Brittany Bergsson carries a hero on her wrist. It's a tattoo in honor of one of her Wishing Star Foundation clients, Noelle Atwood of Yakima, who died of colon cancer in 2011.
Bergsson has been president of Wishing Star Tri-Cities for almost six years, and she has worked for the organization since she was 17 and still a Kennewick High School student.
The nonprofit organization headquartered in Spokane raises money to fulfill wishes of seriously ill youth in Idaho and Eastern Washington.
Bergsson, who turns 24 later this month, has graduated from Washington State University Tri-Cities and has resigned from Wishing Star to take a job in Seattle.
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"She's an amazing person," said Dawn Johnson of Richland, who has worked with Bergsson on fundraising projects for Wishing Star for about three years.
Johnson said when Bergsson accepted the volunteer position, "she was young enough to not understand what she was getting into."
"Yet she's done an astounding job. Who else do you know who's raised $175,000 for a charity at such a young age?," Johnson asked.
Bergsson's main focus has been raising money and training volunteer wish conductors, the people who work with families to make their child's wish come true.
She also has taken on several wish projects during her six years as a volunteer. And her tattoo is a daily reminder of one in particular.
"Noelle had stage four cancer and had lost a significant amount of weight when her family contacted us," said Bergsson. "Her clothes didn't fit, she had lost six pants sizes, and they were asking for a makeover and shopping spree."
Bergsson took on the project and was able to raise enough in donations to pay for Atwood's shopping spree and a spa day.
In return, Atwood gave Bergsson a rubber bracelet with "Hero" written on it. She was giving them to friends and others who helped her through her illness, saying they were heroes.
Bergsson slipped the bracelet on and vowed it wouldn't come off until Atwood was cancer free.
Atwood died in spring 2011. After the funeral, Bergsson got a call from Atwood's sister, who told her that the "granted wish is one of her favorite memories of her sister," Bergsson said.
In July, Bergsson went to Monarch Tattoo in Kennewick and had them tattoo her left wrist.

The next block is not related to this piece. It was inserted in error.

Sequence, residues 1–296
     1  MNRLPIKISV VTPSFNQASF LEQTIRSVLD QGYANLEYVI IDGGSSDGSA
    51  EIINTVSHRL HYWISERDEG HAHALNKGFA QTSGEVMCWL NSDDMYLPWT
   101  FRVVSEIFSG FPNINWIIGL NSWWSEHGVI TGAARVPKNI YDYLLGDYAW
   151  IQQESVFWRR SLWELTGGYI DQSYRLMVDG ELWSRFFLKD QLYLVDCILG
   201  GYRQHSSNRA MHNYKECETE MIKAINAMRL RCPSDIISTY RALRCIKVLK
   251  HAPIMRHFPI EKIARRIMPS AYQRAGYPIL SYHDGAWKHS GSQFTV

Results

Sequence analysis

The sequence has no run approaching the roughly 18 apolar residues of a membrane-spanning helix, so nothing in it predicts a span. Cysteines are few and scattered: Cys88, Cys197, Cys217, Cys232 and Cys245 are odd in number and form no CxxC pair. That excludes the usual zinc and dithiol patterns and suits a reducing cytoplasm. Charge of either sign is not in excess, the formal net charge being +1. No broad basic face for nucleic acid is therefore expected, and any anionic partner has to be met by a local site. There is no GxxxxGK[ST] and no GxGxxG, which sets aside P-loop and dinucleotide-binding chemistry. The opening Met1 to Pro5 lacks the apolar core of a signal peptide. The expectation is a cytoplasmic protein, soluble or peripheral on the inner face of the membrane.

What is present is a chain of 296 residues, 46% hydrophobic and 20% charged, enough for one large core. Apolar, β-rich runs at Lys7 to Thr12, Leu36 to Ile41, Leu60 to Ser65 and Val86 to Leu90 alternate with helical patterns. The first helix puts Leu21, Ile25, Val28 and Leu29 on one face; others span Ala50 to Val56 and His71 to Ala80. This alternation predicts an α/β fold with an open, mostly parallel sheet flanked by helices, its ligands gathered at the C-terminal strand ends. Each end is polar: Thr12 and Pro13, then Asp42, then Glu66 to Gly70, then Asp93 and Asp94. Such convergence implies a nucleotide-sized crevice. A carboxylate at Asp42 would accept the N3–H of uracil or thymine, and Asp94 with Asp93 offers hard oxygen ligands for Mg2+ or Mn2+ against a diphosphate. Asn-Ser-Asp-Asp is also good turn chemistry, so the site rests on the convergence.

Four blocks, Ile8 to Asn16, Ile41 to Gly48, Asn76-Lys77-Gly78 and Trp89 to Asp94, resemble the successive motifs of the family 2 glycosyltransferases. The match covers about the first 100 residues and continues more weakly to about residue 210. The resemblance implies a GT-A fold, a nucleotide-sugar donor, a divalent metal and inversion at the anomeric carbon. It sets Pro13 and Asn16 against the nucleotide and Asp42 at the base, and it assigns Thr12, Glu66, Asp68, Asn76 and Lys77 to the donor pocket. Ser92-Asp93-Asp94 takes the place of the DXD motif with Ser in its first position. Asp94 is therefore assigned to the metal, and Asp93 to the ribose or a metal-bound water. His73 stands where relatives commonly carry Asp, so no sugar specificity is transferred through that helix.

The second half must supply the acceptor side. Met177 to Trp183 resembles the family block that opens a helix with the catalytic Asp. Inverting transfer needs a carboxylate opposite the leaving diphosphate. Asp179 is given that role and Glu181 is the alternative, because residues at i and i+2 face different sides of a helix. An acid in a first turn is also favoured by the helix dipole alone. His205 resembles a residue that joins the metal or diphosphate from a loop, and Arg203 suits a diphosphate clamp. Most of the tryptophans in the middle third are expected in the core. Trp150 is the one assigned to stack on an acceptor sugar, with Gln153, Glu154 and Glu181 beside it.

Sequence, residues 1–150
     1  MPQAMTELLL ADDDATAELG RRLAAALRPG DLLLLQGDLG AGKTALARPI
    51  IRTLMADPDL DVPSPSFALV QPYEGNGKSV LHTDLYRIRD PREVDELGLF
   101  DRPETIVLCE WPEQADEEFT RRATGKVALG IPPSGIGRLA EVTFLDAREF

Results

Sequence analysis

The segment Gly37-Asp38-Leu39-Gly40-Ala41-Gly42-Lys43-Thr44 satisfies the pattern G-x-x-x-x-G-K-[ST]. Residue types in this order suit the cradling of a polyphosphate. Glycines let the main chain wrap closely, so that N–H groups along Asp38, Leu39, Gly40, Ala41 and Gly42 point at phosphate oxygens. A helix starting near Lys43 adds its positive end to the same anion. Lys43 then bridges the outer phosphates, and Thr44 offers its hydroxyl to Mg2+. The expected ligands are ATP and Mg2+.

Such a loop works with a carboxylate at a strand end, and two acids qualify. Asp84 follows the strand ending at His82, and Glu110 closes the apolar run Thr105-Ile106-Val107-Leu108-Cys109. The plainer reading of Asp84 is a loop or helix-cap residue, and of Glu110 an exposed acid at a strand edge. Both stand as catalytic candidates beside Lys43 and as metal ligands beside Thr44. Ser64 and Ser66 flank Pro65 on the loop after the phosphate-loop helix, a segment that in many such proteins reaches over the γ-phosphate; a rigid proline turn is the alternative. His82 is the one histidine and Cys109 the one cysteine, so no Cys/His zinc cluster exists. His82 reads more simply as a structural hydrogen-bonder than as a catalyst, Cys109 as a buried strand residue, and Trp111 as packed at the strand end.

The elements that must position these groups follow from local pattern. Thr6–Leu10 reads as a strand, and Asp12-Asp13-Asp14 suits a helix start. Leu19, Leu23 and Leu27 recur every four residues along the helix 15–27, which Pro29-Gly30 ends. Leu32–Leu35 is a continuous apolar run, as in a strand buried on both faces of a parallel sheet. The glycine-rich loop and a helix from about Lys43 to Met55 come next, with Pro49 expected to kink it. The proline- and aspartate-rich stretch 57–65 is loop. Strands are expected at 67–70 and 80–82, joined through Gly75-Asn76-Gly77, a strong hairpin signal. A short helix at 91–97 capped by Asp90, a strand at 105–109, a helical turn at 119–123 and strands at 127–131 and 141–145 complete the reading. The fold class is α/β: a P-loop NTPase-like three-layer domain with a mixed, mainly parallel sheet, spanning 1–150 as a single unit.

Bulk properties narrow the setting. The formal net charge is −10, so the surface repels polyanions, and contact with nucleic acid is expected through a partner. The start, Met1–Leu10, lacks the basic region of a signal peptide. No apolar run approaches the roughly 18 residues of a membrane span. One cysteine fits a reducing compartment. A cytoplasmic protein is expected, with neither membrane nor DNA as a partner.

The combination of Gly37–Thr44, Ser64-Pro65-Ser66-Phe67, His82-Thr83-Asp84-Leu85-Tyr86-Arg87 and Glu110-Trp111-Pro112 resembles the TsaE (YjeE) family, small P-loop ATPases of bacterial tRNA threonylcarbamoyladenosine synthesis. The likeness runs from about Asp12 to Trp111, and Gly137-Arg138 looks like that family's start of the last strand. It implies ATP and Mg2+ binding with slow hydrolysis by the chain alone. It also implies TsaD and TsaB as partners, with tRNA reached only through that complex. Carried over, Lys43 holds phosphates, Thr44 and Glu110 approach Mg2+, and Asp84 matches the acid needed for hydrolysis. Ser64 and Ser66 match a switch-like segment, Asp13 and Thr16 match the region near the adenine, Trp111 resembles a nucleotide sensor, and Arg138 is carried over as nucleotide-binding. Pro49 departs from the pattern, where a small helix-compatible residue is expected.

"I was a little nervous to have it done, especially in such a visible place. But I wanted a reminder of her. To me, Noelle and all the Wishing Star kids are the true heroes," she said
Bergsson became involved with Wishing Star after one of her teachers suggested organizing a fundraiser. A member of Kennewick High's bowling team, Bergsson decided on a bowlathon. She and DECA members held the event in January 2007 and raised more than $2,000 for Wishing Star.
After graduating high school, Bergsson enrolled in Washington State University Tri-Cities. Shortly afterward, while organizing another bowlathon fundraiser for Wishing Star, the organization asked her to become the president of the Tri-City chapter.
It's a position she held while working as a full-time administrative assistant at Energy Northwest and being a mostly full-time student. She graduated WSU Tri-Cities in May and took a job in Seattle selling first aid supplies and equipment.
As full as her days were, Bergsson said giving up Wishing Star was never an option.
Wishing Star, she said, has made her life richer, fuller and opened her eyes to another side of life.
"The kids in Wishing Star go about with a smile on their face ... there's a lot to be learned from those kids. It's something I'll take with me the rest of my life," she said.
Bergsson's older sister, Brooke Allenbaugh of Kennewick, will be taking over as president of Wishing Star Tri-Cities. She can be reached at email@example.com.
For more information on the foundation, go to www.wishingstar.org.